Cultivating healthy money management habits is one of the keys to achieving financial success. The importance of this concept is something that should be encouraged and taught to our children from an early age.Teaching personal finance to teens is something all parents need to devote time to because it will serve their children well, especially when they head off to college or when the time comes for them to start earning their own money. The lessons they learn will serve as their guide to making smart financial decisions as they establish their own financial independence.

Money management, however, isn’t always a fun topic to discuss with our teens, especially those who may think they’re old enough to know everything there is to know already. It can be challenging to instill important money management lessons and parental guidance, but there are ways you can equip your child with essential financial tools they need to develop healthy financial habits while they’re under your wing. Here are some tips you might find handy!

Encourage children to get into the habit of saving

There’s no better time than now for you to encourage your teens to start saving. Help your child  develop the habit of saving money as early as possible. As soon as kids start receiving an allowance at home, they should be taught how to set aside part of their money for savings. Talk to your children about  even the simplest of financial goals as a means to motivate them to save money.

For example, if there’s an item your child wants to buy, encourage him or her to save up for it instead of just providing the money to make that purchase. If your child doesn’t have anything particular he or she would like to buy at the moment, you can still discuss the importance of having  money saved in case of financial emergencies.

Teach children about budgeting

Another important concept to include when teaching personal finance to teens is the value of budgeting. Creating a budget doesn’t just apply to adults. It’s something teens need to understand as they learn how to allocate and spend money more wisely.

Whether it’s by using an app or monitoring funds manually, teach your child how to budget their own money, whether it’s earned through allowance, as gifts, or from a job. Help teens learn how to track their expenses and allocate a budget for their expenses moving forward.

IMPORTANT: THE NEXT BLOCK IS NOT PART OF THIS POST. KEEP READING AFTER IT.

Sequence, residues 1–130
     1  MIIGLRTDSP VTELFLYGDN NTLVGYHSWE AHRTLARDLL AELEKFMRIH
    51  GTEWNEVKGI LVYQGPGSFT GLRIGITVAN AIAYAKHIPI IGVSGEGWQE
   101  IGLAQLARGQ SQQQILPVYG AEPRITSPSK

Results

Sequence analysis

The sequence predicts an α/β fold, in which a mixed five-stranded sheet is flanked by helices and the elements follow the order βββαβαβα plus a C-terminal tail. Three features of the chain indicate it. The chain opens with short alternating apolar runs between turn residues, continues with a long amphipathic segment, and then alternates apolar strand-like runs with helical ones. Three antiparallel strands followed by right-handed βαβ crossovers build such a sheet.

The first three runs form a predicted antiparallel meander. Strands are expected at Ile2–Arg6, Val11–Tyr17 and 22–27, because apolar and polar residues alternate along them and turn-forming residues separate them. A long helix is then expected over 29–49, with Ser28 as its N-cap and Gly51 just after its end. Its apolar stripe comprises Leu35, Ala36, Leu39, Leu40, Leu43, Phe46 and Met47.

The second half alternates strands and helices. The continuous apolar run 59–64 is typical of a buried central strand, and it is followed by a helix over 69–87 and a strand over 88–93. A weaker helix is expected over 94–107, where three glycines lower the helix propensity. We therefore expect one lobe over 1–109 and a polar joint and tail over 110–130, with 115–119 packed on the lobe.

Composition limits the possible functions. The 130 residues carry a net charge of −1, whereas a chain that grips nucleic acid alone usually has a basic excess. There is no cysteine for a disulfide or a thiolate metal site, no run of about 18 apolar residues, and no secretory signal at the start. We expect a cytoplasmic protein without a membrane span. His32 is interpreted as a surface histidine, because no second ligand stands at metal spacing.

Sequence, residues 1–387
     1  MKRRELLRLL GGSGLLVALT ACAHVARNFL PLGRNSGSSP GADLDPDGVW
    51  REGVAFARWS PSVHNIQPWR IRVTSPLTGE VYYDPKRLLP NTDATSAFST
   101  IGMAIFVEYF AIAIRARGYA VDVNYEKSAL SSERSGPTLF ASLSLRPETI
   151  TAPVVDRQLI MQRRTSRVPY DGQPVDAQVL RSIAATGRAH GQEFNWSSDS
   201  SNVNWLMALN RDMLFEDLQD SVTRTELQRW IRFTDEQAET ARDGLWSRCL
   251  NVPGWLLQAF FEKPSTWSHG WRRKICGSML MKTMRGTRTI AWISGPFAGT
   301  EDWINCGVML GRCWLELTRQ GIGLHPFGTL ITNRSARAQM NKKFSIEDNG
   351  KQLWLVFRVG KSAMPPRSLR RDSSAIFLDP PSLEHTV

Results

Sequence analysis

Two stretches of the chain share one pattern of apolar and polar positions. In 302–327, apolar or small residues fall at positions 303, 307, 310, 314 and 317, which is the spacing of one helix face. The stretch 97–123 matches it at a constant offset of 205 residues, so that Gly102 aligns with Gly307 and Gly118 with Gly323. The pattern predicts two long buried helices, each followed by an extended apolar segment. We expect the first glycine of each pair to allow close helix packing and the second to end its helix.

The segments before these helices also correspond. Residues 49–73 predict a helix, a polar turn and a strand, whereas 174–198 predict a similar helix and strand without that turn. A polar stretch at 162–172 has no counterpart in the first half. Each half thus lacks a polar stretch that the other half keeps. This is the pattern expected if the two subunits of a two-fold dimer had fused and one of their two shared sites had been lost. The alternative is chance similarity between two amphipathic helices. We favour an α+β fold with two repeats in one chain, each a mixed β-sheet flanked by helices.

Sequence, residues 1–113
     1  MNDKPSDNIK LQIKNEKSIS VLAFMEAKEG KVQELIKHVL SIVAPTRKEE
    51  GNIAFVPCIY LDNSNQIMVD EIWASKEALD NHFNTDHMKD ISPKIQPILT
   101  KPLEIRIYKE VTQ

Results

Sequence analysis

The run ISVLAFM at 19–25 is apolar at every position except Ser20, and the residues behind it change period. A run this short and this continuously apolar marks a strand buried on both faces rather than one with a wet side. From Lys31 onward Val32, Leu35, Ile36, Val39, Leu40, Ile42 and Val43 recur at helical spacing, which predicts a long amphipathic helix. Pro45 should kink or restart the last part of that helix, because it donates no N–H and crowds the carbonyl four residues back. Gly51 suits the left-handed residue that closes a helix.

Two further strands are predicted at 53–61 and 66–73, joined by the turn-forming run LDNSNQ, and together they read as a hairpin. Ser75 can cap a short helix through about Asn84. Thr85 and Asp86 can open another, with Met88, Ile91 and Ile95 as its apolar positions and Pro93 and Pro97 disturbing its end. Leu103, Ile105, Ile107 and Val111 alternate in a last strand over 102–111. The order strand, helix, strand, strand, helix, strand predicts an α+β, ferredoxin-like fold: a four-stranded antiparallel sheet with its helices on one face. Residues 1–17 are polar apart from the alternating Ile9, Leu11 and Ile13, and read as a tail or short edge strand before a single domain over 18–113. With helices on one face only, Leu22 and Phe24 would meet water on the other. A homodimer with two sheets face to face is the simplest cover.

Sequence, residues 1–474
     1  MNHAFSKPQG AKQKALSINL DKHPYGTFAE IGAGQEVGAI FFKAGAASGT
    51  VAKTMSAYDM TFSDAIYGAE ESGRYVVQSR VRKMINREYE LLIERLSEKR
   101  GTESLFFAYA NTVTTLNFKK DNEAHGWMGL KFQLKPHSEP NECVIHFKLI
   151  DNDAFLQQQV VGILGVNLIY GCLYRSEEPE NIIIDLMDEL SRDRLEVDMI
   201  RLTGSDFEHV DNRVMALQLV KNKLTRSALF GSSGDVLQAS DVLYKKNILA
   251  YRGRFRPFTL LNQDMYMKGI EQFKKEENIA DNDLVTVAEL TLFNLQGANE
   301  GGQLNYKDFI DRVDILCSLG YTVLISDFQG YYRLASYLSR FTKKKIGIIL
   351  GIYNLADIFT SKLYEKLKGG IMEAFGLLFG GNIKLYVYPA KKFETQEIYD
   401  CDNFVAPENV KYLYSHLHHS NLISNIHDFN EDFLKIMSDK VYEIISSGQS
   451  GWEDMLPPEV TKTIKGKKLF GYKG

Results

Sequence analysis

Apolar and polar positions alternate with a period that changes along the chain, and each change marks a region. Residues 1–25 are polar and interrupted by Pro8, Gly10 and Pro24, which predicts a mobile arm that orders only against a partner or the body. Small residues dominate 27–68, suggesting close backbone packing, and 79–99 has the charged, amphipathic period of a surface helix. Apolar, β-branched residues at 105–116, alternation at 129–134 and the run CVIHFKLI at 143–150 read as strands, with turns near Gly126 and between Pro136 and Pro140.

Set a good example

There’s no better way to teach teens proper money habits than by setting a good example. The formation of financial habits in children can start as young as seven years old. Our kids observe and notice our behaviors and actions. They notice every swipe of your credit card each time you go grocery shopping. They see the way you budget your own money and they observe your saving habits. They hear if you and your spouse argue about money.

Set a healthy financial example for them to follow. Try to use cash for purchases when possible. Show kids how you prioritize the needs of the family and don’t splurge on things that are not essential.

Open a bank account for your child

Help your teen grow his or her own savings by opening a bank account for your child. Seeing their money grow with interest can further help motivate kids to save even more. This is  a good habit to start developing while they’re young so they can carry it on with them as they grow up to be adults.

Avoid making impulse purchases

Even if you can afford it, it isn’t always advisable to buy your child everything he or she asks for. Just because your teen may find a dress to be “cute” or if he or she wants the latest cell phone, it doesn’t mean making these purchases is the right decision. Instead of giving in right away, teach children the value of delaying gratification. It’s important for kids to understand that they won’t always get what they want when they want it.

Let kids save up and work for what they want

Teens and kids may not understand the value of money because most don’t have to work for it. The best way to teach children this concept is to have them work, earn, and save for a special item they want to acquire or buy. Give them opportunities to earn even small amounts of money. You can assign kids a chore or send them on an errand for which they can earn and save money. Understanding the value of money is more effectively taught when children actually experience how hard it is to earn it.

Teaching concepts of personal finance to teens doesn’t have to be difficult, Use these tips to help instill important financial lessons in your kids. These essential life lessons are ones they’ll come to appreciate throughout their lives!

Help your teen start saving today. Contact Calcite Credit Union for more information.